Exterior Insulation Permeability
After reviewing many GBA Q&A’s, I have decided not to proceed with ZipR due to structural integrity concerns but instead to go with insulation on the outside. I’m still leaning heavily towards Zip; however, plywood is a possibility. My primary question, though, is whether Rockwool Comfortboard is a better choice than rigid foam due to it’s increased permeability.
Additional Info: We will be putting a smart barrier on the interior and are currently planning on Rockwool batting in our 2×6 walls. We will also have a rainscreen. Last but not least, we are in Deshler, NE so CZ5; however, 15 miles form CZ4.
THANK YOU! Jon
GBA Detail Library
A collection of one thousand construction details organized by climate and house part
The permeability of the exterior insulation matters primarily in two situations:
- Where you don't intend to use a thick enough layer to keep the sheathing warm enough to avoid moisture accumulating. Then the walls need to be able dry to the outside.
- Where the sheathing is permeable enough to allow drying to the outside. Zip is less than 1 perm, so it doesn't benefit from a permeable layer outside it the way plywood or OSB would.
More exterior drying ability is always a plus, so comfortboard's very much increase vapor permeability is it's primary advantage here. The downside is that it's also much more expensive than other materials. If you take the money saved not using Comfortboard and put it towards more R value worth of something like polyiso or EPS, you end up with a similarly safe assembly (the more exterior R value you have, the less important exterior drying ability becomes), but also a much better wall from an energy efficiency standpoint.
Note that Zip-R has going through testing to ensure it's structurally sound, but all those nails in shear make me nervous too :-)
BTW, the interior side smart vapor retarder is extra insurance, and also makes that exterior drying ability of the wall less important. What I would do here is go with regular plywood (my preference over OSB, especially considering costs have been pretty close lately), then exterior polyiso to AT LEAST code minimum levels, and ideally more. I'd go with an interior smart vapor retarder too, but I'd use a relatively cheap one like MemBrain since you don't really need the performance of the better ones if you have high levels of exterior insulation in your assembly.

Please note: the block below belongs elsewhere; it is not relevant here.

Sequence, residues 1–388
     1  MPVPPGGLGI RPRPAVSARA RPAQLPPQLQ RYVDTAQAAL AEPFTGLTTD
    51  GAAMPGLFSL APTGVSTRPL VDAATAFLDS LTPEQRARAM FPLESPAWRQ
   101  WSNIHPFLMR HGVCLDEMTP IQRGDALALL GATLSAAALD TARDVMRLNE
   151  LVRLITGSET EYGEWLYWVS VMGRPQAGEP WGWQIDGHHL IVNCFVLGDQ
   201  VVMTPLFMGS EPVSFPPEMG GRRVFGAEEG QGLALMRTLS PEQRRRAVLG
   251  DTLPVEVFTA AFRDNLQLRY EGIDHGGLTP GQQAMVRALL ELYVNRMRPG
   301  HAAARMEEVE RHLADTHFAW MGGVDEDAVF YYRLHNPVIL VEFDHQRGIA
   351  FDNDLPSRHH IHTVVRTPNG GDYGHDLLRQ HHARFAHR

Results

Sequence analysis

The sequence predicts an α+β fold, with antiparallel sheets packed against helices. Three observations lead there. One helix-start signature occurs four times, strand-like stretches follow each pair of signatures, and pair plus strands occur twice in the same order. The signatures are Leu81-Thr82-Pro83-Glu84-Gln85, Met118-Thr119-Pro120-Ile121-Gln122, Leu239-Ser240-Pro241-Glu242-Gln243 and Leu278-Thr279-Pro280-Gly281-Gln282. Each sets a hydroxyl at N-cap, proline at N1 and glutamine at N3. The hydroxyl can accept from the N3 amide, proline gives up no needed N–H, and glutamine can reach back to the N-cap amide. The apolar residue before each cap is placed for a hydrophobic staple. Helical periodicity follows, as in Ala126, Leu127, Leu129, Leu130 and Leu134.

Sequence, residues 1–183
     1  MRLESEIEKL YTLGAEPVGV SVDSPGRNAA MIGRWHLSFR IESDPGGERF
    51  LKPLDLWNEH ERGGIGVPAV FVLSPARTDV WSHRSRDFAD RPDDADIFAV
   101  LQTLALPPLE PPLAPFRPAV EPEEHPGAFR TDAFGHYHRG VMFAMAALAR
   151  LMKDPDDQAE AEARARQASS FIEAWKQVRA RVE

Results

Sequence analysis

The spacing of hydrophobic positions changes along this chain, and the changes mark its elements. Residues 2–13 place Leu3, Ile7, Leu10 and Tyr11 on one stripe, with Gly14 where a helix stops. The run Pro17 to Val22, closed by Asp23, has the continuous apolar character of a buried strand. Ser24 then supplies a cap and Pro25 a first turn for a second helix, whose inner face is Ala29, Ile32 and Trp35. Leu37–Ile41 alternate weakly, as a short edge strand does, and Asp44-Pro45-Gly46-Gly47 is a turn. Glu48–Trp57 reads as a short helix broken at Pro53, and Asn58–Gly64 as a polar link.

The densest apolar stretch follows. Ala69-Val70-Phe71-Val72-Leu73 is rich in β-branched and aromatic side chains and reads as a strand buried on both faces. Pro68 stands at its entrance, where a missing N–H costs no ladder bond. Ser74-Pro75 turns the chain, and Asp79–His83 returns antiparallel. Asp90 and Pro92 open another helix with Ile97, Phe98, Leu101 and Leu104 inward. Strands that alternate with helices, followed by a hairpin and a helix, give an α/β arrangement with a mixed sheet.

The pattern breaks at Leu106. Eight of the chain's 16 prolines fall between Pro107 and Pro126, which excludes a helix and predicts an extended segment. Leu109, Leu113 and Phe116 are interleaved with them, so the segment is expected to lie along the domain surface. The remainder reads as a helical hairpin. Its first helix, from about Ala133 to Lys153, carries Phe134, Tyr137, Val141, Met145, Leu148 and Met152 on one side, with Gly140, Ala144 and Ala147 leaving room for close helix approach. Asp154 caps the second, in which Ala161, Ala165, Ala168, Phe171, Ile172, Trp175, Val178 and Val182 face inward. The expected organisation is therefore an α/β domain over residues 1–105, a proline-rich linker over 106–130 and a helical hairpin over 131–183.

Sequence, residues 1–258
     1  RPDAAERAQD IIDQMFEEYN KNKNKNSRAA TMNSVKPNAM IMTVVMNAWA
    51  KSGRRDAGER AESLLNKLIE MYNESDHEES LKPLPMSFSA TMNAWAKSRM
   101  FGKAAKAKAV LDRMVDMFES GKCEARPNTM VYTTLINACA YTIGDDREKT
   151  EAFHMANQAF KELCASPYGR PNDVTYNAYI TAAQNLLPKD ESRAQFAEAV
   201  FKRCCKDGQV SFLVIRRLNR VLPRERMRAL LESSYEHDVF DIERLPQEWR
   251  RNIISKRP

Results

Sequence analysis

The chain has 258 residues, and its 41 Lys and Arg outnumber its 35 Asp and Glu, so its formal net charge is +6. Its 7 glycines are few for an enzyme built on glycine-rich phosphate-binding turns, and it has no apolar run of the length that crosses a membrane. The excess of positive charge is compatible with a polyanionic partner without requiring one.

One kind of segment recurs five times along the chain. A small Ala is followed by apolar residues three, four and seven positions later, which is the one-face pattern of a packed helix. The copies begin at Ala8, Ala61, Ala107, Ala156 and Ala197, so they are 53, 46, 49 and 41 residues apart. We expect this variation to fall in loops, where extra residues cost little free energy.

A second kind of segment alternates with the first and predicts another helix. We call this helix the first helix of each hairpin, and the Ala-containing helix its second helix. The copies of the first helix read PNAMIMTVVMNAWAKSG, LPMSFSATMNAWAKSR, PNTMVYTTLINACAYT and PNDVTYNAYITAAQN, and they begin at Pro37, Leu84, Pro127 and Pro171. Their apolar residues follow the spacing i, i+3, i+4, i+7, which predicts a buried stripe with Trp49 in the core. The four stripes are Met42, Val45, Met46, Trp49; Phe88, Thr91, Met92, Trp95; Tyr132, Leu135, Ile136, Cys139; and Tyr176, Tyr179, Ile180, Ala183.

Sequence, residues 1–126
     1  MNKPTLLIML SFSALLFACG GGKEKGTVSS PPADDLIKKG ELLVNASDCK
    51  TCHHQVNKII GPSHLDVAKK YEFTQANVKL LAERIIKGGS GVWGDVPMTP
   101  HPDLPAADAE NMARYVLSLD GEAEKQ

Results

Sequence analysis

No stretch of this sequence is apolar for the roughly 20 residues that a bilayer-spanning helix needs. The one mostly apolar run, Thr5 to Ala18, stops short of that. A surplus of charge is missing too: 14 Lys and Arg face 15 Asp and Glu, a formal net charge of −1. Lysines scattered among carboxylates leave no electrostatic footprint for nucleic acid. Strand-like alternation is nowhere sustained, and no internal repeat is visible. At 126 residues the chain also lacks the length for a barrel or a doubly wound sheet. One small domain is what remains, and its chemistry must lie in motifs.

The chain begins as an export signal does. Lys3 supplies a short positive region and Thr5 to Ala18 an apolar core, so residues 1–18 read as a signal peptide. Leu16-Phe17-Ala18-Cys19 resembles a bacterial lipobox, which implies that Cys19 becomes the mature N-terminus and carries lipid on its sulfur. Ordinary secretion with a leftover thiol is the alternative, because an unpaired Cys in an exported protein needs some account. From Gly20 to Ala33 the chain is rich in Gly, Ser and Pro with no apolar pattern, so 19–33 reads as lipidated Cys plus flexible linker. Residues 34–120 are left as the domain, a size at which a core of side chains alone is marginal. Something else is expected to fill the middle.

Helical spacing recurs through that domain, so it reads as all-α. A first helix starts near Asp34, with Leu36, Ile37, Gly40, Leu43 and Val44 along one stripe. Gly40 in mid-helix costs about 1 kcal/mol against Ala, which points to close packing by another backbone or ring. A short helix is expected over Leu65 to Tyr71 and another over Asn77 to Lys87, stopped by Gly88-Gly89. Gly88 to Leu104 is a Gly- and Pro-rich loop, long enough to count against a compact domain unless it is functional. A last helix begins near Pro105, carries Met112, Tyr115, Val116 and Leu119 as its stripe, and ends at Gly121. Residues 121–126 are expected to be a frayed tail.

Thank you! I was thinking 2” of exterior insulation. Mainly because of implications of having thicker insulation on exterior and how that impacts trim, siding fasteners, etc. I’ve seen a few different thoughts on the proper ratio for exterior insulation thickness. What are your thoughts on adequate thickness for my situation?
I'm in zone 5. I used 3" of nonpermeable foam: 2 layers of 1-1/2". Once you're past 1", you're into strapping and window bucks, so why scrimp. I found 3" allowed me to replace one layer with 2x wood blocking for support of door sills and tying in of porches/roofs. It also means an interior vapor retarder is not required and insulation in studs can be installed at any time.
This sounds interesting. You wouldn't happen to have any photos or drawing details to share?
Attached are 2 photos: one showing insulation down to footing, one showing a wall with insulation and strapping. I used peel and stick for WRB on the addition, and changed to zip sheathing on the renovation. Ignore the paint on the insulation; it took so long for me to get siding up, I threw some old latex paint over it to keep sunlight from deteriorating. I'll have to find drawings on another computer.
Here's a sample drawing. It may not have been built exactly as it shows, but it gives you the gist.
Another point to consider is the fire resistance benefit of Rockwool.
CI Rockwool + a non combustible siding (like hardie) provides good protection from exterior fires that can extend to your structure. For example, your neighbours house catching on fire, a vehicle parked in your driveway or simply a BBQ fire on your deck. So consider your surroundings and design appropriately. Moreover, CI rockwool on the roof deck, steel roofing and non combustible soffits are even better. Flat roofs with no overhangs are even better for this purpose. But these are all just my opinions. I'm just some guy on the internet.
I believe protection from forest fire sparks require some more detailing as well, if that's an issue for you.
ya I know, fires will never happen to you (sarcasm), But these are the things I think about.
Mineral wool does help with fire resistance, but you'd need to be very careful about any ventilation openings to really take advantage of that. A few hot embers going up into an attic vent and setting the internal structure of the attic on fire would bypass all your carefully installed mineral wool and fiber cement siding after all...
Hence the comment on non-combustible soffiting, and flat roofs.
If you can build a wall with sufficient exterior insulation for condensation control for you climate zone, than permeability doesn't matter. Sure, a bit of extra drying doesn't hurt but it is not needed. The extra bit of exterior rigid also avoids needing a warm side vapor retarder other than drywall which does save a bit of labor and cost.
If you want to build with less rigid, this is also not a problem. These types of walls have been built around me for a long time and they work just fine.
For this type of wall, all codes require a class I or class II warm side vapor retarder. There is still a min insulation limit but usually much less than for full condensation control. This type of wall can work with non-permeable exterior insulation but has minimal drying capacity so something with some, no matter how minimal permeability is better (ie unfaced EPS,GPS, permeable of fiber faced polyiso). Using a crinkled house wrap under the foam and not taping the foam seams also helps with vapor diffusion and adds a bit of extra drying capacity.